Say what you need to say.

Recently I was asked by a client to help him improve his communication capabilities. English is his second language, and he wanted to be sure his messages were coming across in the most effective manner. Through my work with this particular client, my attention to language, tone, and inflection heightened; and I became painfully aware of the shortcomings of many of us in the way in which we speak. Here are a few of my observations relative to our ability to speak with power and improved effectiveness.

1. What is up with ‘right?’ Earlier this week, I began to count how many times individuals with whom I work or interact, finished their sentences with “yeah, right?” It has become a familiar ‘tag on’ to conversation, as if we need approval, validation, or recognition that what we are saying is indeed right. I want to say, “I have no idea if you are right – you are telling this story!” That quirk may be acceptable socially; yet, as leaders, this simply weakens the power of our message. If you need to ask a question, then ask – otherwise, state your point and let it rest without asking for validation from your audience each and every time.

2. Ending a statement with a questionable tone. I don’t know where or how this trend began; however, I have countless clients and friends who end their statements with an upward lilt in their voice, as if they are asking a question or leaving it open for discussion. It is a habit which then becomes pervasive in an organization. I am working with one organization that every single executive I am coaching has this tendency toward inflection. Seldom do you hear someone simply state their point with firm, convincing, and unquestionable authority. It lessons the power of our message and certainly distracts from a confident executive presence. Be aware of this tendency, and practice consciously the ability to state your points with conviction.

3. Overused words and cliches. I remember when “gross me out” was a phrase that every teenager used as frequently as many executives use “out of the box”!  When we use these phrases too often or inappropriately, they undoubtedly distract from our executive presence. In addition, the words lose their power and effectiveness. Buzz words are just that – buzz words. What are we really trying to say? Think about it. Be deliberate and descriptive. By speaking in your style with your own words, your voice will be authentic and you will be at your most powerful.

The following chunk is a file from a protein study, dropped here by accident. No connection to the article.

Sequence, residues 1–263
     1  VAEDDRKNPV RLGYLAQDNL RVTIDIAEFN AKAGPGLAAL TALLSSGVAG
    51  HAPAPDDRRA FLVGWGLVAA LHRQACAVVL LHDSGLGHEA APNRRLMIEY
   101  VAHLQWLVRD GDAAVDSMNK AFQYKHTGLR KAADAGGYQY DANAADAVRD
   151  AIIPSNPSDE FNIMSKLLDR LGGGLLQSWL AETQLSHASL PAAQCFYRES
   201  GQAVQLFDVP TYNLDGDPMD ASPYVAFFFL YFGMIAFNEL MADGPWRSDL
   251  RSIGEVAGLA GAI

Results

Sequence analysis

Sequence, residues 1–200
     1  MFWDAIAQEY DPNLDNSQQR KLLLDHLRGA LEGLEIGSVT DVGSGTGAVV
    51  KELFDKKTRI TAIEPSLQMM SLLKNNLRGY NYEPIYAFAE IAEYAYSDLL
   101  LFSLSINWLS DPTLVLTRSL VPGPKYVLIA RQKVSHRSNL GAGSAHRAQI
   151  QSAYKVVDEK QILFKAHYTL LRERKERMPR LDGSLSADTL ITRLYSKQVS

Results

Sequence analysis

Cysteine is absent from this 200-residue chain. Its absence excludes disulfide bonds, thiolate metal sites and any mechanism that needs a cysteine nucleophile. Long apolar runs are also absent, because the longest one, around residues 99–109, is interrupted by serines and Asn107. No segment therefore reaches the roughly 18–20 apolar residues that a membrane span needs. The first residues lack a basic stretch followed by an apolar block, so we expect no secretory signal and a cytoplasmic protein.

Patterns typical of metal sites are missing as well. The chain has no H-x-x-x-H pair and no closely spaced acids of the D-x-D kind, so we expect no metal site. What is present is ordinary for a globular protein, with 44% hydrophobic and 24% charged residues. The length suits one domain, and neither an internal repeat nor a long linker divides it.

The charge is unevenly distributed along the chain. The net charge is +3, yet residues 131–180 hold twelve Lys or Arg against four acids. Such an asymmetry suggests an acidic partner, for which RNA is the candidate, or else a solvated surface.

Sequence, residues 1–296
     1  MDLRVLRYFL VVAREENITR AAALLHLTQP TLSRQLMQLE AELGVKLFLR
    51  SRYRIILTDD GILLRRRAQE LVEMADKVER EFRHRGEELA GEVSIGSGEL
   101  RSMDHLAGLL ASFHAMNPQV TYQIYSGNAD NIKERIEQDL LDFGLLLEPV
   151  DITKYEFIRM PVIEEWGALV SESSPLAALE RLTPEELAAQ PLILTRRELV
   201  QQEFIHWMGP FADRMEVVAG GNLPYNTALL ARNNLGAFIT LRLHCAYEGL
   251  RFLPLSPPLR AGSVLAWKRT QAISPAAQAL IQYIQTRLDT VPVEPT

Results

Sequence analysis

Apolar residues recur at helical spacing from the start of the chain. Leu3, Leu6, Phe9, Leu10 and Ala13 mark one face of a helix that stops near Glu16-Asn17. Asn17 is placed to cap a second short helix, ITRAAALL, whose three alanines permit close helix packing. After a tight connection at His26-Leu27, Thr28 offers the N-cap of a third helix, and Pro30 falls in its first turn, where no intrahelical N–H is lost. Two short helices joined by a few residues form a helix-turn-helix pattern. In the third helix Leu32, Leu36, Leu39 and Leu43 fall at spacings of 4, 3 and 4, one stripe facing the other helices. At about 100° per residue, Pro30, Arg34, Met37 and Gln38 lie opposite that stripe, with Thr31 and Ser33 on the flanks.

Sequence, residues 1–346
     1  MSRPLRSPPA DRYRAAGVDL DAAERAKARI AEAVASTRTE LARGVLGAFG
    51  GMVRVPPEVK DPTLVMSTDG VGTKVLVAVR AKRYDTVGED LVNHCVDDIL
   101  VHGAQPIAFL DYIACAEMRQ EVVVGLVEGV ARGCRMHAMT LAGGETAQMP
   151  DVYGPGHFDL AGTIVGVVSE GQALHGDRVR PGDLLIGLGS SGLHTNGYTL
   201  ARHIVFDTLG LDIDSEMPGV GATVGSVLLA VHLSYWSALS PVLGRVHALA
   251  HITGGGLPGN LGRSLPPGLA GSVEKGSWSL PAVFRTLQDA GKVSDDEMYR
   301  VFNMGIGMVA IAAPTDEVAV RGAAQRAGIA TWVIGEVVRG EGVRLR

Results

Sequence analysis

What do you think? What annoying speaking habits have you experienced or have you observed in your own behavior?

10 responses to “Say what you need to say.

  1. Kristin,you are so RIGHT about the three issues you spoke of. I hear the word RIGHT all the time from people. Tape record your conversations with clients to help them become self aware is one tool I use to help leaders communciate effectively.

    Clay

  2. I am a bit worried about how often I might end my sentences as a question. Today and tomorrow are great days for me to pay attention and practice as I am taking a dozen Foundation board members to Austin to meet with legislators on issues that are important to us. Thank you for bringing this back to my attention and hopefully you can stop me from sounding like a Valley Girl.

  3. What a great message today! In reference to cliches: I don’t know when it became acceptable to substitute “Shout out” for “thank” in an executive meeting, but not only is it an incorrect use of urban slang (“shout out” = “hey!”), it’s also so unprofessional that it makes my skin crawl every time I hear it. At first, I tried making light of it with some of the execs by asking light-hearted questions such as, “oh are we increasing our street cred?” However, it’s just become pervasive. At least the executives that abstain from this nonsense still have the respect of the troops.